FOCUS CSP component manufacturing and assembly plant(s) in South Africa; the current heightened activities in the renewable energy industry in South Africa; and there is 72ha of land set aside for the development of a Solar Farm within the SEZ with a complete EIA and 440ha for industrial development. Upington International Airport The Upington International Airport has a number of characteristics that make it a particularly favourable location for the possible establishment of an MRO and aircraft storage facility. These include: • an arid climate that is not conducive to accelerated corrosion and deterioration of aircraft when stored in Upington • the availability of relatively low cost open surface area (land) for the storage of aircraft, as well as for the possible development of supporting industries in and surrounding the airport • Upington Airport has an unusually long runway (5km) that serves as a National Aeronautics and Space Administration (NASA) designated African landing site for its shuttles. The runway therefore can accommodate a large variety of aircraft • Upington is close to the northern border of South Africa and there its position is considered convenient and strategic from an African continental perspective • the remoteness of Upington renders it a fairly safe location in terms of security • there is a strong market for the establishment of an MRO facility in South Africa to serve both the European and African regional markets • the absence of any meaningful competition in this market on the African continent is another plus • there are 85 hectares for the development of an MRO with complete EIA for industrial development. The development of the MRO is spearheaded by

Airports Company South African (ACSA) which will become the anchor tenant of the Upington SEZ. Diverse drivers Mining is one of the key economic drivers in the Northern Cape. The province’s iron ore, manganese, zinc and copper mines open up possibilities in terms of the manufacturing and assembly of mining equipment, excellent to boost the country’s economy. Agriculture: the District ZF Mgcawu, in which Upington is situated, is well known for producing export-quality grapes, citrus, dried fruit such as raisins and other fruits, providing many investment opportunities in agro-processing – the processing of raw materials and products derived from agricultural activities and packaging. The Upington SEZ is perfectly located for astronomy-related logistics, assembly and warehousing. The SEZ aims to be an incubator for manufacturing and high-value micro technology in the Northern Cape. The SEZ will also be home to a number of warehouses where manufactured goods can be stored before being exported or distributed. Together with our partners, the Northern Cape Economic Development Trade and Investment Agency (NCEDA), the Northern Cape Department of Economic Development and Tourism, the National Department of Trade and Industry (dti) and Airports Company South Africa (ACSA), we invite all interested investors to contact us for more information.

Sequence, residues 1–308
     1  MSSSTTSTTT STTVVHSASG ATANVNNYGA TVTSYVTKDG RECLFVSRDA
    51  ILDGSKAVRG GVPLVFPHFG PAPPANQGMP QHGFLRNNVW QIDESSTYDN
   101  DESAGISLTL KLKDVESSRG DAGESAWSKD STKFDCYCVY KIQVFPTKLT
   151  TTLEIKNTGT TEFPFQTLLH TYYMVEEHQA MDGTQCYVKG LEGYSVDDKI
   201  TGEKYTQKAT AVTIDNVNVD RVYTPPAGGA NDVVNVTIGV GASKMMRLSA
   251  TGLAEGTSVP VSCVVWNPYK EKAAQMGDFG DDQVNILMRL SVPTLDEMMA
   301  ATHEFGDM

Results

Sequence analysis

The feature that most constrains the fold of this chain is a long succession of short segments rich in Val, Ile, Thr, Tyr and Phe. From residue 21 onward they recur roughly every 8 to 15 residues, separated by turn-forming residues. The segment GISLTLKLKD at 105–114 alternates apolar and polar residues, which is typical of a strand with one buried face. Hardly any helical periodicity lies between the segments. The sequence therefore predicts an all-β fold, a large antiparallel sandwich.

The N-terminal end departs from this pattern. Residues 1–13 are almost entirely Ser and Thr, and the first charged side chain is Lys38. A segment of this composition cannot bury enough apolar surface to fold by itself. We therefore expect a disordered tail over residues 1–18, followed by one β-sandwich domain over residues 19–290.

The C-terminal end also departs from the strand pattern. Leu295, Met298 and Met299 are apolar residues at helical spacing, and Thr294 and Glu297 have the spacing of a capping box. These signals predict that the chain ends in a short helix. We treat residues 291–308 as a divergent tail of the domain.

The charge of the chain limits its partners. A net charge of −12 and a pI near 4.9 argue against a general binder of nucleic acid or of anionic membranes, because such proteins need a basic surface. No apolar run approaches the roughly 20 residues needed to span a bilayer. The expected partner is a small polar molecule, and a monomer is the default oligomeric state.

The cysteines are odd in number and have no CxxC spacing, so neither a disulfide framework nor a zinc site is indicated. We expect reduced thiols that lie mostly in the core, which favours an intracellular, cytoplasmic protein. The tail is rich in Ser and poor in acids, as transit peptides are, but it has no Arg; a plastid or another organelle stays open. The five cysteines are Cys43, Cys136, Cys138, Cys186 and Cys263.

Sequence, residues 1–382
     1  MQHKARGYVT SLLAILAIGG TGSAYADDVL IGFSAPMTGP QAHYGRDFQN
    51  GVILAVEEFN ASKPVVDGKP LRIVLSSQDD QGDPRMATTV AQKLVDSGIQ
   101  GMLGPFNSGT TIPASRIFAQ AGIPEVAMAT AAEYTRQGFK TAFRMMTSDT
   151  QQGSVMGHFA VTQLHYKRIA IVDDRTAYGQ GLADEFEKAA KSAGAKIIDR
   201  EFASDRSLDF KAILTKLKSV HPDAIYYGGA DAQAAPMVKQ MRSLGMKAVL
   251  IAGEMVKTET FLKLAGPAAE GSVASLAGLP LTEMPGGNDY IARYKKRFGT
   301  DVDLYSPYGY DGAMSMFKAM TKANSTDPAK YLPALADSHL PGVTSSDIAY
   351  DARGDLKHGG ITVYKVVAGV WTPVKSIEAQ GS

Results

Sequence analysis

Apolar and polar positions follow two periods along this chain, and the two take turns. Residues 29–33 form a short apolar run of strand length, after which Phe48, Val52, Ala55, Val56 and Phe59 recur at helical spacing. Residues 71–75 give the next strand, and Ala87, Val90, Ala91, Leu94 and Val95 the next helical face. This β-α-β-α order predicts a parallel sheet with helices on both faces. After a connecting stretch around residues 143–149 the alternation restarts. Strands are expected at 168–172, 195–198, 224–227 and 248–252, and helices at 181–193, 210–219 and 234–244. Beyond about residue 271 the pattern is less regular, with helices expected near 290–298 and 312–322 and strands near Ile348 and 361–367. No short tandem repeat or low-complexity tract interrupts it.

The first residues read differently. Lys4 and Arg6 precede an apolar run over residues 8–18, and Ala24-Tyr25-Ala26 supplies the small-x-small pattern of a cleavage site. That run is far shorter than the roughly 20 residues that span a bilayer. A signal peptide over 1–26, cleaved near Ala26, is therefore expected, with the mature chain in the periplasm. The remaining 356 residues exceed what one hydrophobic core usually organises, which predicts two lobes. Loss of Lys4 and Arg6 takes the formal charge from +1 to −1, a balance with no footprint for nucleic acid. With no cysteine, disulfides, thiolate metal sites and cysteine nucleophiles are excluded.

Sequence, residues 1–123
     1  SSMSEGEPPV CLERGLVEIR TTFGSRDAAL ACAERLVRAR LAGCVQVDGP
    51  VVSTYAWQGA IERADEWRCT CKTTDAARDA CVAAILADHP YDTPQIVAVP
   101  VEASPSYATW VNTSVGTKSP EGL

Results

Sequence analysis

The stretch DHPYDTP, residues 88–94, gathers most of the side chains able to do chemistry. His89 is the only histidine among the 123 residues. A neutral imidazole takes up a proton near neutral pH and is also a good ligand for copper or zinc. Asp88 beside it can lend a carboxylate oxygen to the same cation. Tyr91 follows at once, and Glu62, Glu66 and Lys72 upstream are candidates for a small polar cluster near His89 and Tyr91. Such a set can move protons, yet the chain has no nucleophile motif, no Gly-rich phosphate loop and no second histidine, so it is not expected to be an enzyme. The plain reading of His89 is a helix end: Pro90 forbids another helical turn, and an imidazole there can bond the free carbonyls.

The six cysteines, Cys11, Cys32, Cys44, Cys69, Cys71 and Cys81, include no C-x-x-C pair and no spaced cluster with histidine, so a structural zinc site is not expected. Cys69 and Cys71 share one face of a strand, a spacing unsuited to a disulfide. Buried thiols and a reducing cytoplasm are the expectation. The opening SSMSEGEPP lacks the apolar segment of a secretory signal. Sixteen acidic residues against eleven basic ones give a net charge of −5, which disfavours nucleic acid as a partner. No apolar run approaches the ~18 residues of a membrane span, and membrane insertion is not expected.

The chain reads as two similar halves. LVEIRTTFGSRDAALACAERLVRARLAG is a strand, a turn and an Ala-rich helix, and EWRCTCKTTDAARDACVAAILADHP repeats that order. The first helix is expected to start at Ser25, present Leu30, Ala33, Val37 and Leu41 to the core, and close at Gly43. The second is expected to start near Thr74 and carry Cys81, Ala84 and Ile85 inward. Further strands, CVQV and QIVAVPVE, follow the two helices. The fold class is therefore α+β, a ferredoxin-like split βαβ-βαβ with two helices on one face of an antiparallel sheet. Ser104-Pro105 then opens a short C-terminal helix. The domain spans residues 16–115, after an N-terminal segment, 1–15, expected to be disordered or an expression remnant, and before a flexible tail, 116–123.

NCEDA CONTACT DETAILS:

KEY CONTACTS: Contact: Mr Thobela Dikeni, Chief Executive Officer, Northern Cape Economic Development Agency Tel: +27 53 833 1503 and 060 997 7202 Ms Babalwa Mbobo Sector Specialist Upington SEZ Tel: +27 54 333 1136 and 071 016 5813

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Physical address: Templar Court Building, 2nd floor, cnr Bean and Clarence Streets, Kimberley 8301 Tel: +27 53 833 1503 Fax: +27 53 833 1390 Website: www.nceda.co.za

NORTHERN CAPE BUSINESS 2018/19


SPECIAL FEATURE

Flash across the pan on track

CREDIT: STEFAN MARJORAM/FLICKR

The Bloodhound land speed record attempt is set for October 2018.

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he countdown to October 2018 is on. The Bloodhound supersonic car that will be propelled across the sandy flats of Hakskeen Pan by a rocket, three jet engines and a V8 engine in pursuit of the world land speed record is set to blast off in that month. The Bloodhound team is still raising money for this expensive exercise, but indications are good. Countless tests have been done at the base of the Bloodhound project in the UK. One of them proved that the carbon fibre disk brakes can heat up to 1 000 degrees Celsius. Trials at Newquay Airport in Cornwall saw the 7.5-ton vehicle reach 322km/h but conditions in the UK don’t allow for the kinds of speeds that the Bloodhound team want to achieve on the even ground where the record attempt will take place, about 200km north of Upington. Further tests on the Northern Cape track will be done in the 800km/h range, before launching the final push for the record. The current land speed record of 1 227.98km/h was set in 1997 by the same man who wants to better it in 2018. Wing Commander Andy Green is a British Royal Air Force pilot and he wants to take the new record out to 1 600km/h. A 450kg rocket will fire the vehicle and the car will be fitted with a further three jet engines and a V8 motor vehicle engine: it will have power equivalent of 180 Formula 1 motor cars. Design tweaks that have been made along the way include a revised layout for the floor mounting system, testing of the best jet-start proceNORTHERN CAPE BUSINESS 2018/19